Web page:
Visitors can see Marc Armitango Domingo’s exquisite porcelain plates, trays, vessels, and oil paintings through March 9. His gold-accented insect plates, inspired by 16th-century French potter Bernard Palissy, and hand-painted “lampe de nuit” candlesticks are objects of functional whimsy. The lamp contains a wide brim to catch candle-wax drippings and a deep base to hold water, which keeps the candle afloat as it burns. Similarly, his porcelain flower bricks are designed to hold cut flowers that can be easily watered. It’s “art that can be lived with,” to quote Bass’s mission for Salon 21, and casually handled. If not for the gold accents, Domingo joked, the ceramics would be dishwasher friendly. Through March 9.

The New York outpost of Silencio

Photo: Pauline Shapiro

The Parisian nightclub Silencio — its namesake a dilapidated fictional venue in David Lynch’s Mulholland Drive — recently opened a Manhattan outpost. Here, the mood is more Old Hollywood glamour than ominous and perplexing, as Lynch’s movies tend to be. The entrance through a grungy stairwell may be the most foreboding element of the space. Inside, the red drapes elegantly curtain off the VIP booths, mini-rooms encased in a reflective gold sheen, from the rest of the dance floor.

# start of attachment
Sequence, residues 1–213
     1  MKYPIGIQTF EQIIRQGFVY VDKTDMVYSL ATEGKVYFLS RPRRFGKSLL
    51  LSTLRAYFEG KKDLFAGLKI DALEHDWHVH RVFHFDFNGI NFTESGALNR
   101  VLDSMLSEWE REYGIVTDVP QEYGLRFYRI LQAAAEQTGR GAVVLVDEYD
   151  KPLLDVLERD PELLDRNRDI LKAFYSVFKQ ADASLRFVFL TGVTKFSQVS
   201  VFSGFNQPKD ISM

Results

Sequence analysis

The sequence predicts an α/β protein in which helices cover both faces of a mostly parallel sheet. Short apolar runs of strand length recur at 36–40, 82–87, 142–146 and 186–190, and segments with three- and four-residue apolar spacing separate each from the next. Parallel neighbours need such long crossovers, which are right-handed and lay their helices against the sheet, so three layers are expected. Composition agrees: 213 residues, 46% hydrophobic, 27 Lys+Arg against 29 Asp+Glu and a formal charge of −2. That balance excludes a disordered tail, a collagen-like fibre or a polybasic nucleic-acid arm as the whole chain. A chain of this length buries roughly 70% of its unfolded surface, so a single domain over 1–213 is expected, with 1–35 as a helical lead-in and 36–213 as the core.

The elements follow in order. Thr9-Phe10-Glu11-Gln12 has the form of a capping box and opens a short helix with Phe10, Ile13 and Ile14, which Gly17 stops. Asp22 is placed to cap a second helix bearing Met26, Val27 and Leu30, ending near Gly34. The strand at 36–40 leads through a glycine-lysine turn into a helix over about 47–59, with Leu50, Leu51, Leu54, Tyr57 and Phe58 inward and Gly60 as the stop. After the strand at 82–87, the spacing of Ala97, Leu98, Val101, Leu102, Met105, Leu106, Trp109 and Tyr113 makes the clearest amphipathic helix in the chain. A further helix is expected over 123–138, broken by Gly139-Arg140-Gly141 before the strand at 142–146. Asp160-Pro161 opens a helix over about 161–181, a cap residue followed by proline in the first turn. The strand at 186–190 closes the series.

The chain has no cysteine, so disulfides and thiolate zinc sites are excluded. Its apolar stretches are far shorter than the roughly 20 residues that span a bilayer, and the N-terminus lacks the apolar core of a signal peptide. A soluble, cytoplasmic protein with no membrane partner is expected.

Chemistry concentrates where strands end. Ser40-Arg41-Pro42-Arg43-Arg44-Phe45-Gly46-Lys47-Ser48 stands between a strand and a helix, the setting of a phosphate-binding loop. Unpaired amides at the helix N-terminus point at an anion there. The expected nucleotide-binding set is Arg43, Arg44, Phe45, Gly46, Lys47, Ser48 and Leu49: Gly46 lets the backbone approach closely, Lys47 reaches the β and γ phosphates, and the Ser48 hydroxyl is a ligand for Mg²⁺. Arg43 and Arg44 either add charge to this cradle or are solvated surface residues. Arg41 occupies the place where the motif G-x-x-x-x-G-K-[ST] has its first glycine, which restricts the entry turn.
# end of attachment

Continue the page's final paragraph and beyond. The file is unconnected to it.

Lynch, who was deeply involved with the French club’s opening, isn’t at all affiliated with the New York branch, though his name is often invoked. There are no low, curved walls in New York’s Silencio, unlike the French club, which looks like a gilded den. Instead, the designer, Harry Nuriev of Crosby Studios, maintained an element of Lynch’s influence through red and gold tones, colors also popular among upscale Manhattan lounges where cocktails commonly go for $30 a pop. (A visitor recently complained about the price of Silencio’s drinks on Twitter but conceded that the interior design was worth the visit.) But it’s the monochromatic rooms and space-age-style furnishings, juxtaposed against the plush walls and textures, that distinguish Silencio from other lounges: The space feels more like a boudoir than a club. There is nothing Lynchian about Silencio, which may be a good thing.